Chloe, the girl with the feeding tubes

I started being sick around 2016 with these mysterious episodes of severe nausea and vomiting that would last for days or a few weeks at a time. Then I would have a week or two episode free. I couldn’t eat, drink or keep any of my medication down. I was constantly being admitted to hospital for IV-fluids and low potassium, due to being dehydrated. I would go out for meals with the family and then would have to run to the bathroom to be sick. I would feel so guilty and weak.

Fast forward a year to September 2017. I was being violently sick everyday, and there wasn’t a time that I was episode free and not in excruciating pain like a dull achy pain in my stomach. I had no appetite. My mum took me to a&e where I was told It could be suspected appendicitis. However, after a CT-scan, that was ruled out. The doctors were baffled as to what was wrong with me. I got transferred to the gastro ward where I was seen by the mental health team, gastro doctors and neurologist. I had numerous scans including a gastro empty, endoscopy, barium swallow, someone watching me eat to see if I was actually being sick, urine and stool samples to check for crohns and colitis and many more scans. They all came back negative, which was frustrating, as I was no closer to getting any answers as to what was wrong with me.

After many months in hospital, and going nearly eight weeks with no nutrition, just IV-fluids and anti-sickness medication, they tried a feeding tube to get some nourishment into me while they worked out what was going on with me. A nasogastric (NG) tube was the first option, which didn’t work. I vomited everything up that entered my stomach, the next option was nasojejuna (NJ) tube, which I tolerated and remained on that for about a month.

December 2017 – the day my life changed forever, the day I finally got listened to and got a diagnosis. I remember this day like it was yesterday. A specialist in nutrition and a gastro doctor came and sat on my bed and mentioned this rare condition called CVS. All my symptoms added up to CVS. However, I don’t just have CVS, I have abnormal CVS; mine doesn’t come in episodes that last days to weeks, and then go into a period of episode-free. I’m constantly sick, everyday, up to 5-6 times a day. I can’t tolerate anything orally, including food, fluids and medication. There is no cause and no cure. It can only be managed by taking anti-sickness. Unfortunately that doesn’t stop me from being sick, it only reduces the amount of times I’m sick. So on December 13, 2017, my doctor and I agreed it would be best if I got a feeding tube fitted called a peg J (Percutaneous Endoscopic Gastro-Jejunostom), which bypasses the stomach into the small bowel, as my stomach doesn’t tolerate anything in there.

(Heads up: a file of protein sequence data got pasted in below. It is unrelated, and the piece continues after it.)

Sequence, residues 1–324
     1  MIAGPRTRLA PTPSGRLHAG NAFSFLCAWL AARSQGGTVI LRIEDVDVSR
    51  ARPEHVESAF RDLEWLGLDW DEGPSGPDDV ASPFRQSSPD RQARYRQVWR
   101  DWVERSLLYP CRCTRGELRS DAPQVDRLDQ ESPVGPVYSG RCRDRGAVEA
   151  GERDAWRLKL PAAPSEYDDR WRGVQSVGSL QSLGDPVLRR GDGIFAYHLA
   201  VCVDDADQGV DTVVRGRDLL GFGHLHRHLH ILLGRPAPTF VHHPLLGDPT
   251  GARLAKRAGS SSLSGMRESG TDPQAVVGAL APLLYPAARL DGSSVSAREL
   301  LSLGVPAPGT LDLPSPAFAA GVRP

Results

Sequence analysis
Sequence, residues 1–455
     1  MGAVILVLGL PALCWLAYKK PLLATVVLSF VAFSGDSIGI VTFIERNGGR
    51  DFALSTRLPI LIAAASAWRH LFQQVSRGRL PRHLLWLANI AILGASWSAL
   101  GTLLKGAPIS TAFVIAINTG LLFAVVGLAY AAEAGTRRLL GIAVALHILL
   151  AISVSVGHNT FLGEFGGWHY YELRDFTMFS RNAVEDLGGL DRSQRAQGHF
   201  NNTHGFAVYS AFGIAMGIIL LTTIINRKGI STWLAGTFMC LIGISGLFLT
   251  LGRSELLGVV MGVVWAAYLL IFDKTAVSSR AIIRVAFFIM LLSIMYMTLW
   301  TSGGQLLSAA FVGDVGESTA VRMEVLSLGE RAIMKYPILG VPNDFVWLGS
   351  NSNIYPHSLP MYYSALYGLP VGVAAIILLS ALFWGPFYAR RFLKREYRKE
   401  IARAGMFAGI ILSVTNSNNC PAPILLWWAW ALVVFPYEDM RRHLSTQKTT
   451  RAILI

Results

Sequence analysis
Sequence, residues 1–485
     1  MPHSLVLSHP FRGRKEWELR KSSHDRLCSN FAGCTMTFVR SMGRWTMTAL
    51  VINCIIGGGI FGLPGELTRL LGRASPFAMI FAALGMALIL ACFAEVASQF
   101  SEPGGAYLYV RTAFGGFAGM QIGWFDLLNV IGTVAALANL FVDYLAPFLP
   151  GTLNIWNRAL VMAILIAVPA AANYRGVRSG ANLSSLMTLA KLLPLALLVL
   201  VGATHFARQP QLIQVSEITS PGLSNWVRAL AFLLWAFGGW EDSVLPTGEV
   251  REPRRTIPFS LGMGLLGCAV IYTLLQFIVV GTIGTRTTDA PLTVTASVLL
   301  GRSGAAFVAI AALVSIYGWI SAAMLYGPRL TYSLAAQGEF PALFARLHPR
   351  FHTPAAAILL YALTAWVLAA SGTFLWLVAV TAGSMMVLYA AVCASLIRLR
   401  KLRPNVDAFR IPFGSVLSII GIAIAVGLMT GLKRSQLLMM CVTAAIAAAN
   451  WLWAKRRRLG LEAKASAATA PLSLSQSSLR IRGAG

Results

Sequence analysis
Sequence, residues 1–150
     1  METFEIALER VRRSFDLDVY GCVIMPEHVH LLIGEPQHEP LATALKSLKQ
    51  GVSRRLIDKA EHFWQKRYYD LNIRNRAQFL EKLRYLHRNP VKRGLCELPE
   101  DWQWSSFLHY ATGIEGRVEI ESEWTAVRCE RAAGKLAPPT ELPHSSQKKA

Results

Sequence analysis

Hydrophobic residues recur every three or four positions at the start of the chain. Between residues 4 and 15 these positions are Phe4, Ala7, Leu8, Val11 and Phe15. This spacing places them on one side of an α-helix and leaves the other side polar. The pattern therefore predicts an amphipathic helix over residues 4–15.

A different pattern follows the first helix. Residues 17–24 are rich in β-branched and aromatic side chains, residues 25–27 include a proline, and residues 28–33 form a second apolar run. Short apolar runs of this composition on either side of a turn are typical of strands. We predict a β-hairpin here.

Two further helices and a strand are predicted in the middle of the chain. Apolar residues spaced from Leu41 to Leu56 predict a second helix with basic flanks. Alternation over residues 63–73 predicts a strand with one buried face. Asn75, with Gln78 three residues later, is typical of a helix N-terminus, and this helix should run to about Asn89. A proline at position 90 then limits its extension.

I was discharged from hospital in January 2018 with my new feeding tube, a diagnosis  and a feeling of relief that finally someone listened to me and didn’t think it was me making it up, or me making myself sick or relapsing from eating disorder.

Having abnormal CVS can be really tricky, its life altering and very tiring at times, but it’s made me the person I am today. With my different health conditions and feeding tubes, I still do the things I love. It takes me a little more time than other people to do stuff, but it doesn’t stop me. I love raising awareness of having a rare invisible illness. Just because someone looks fine on the outside, doesn’t mean they are.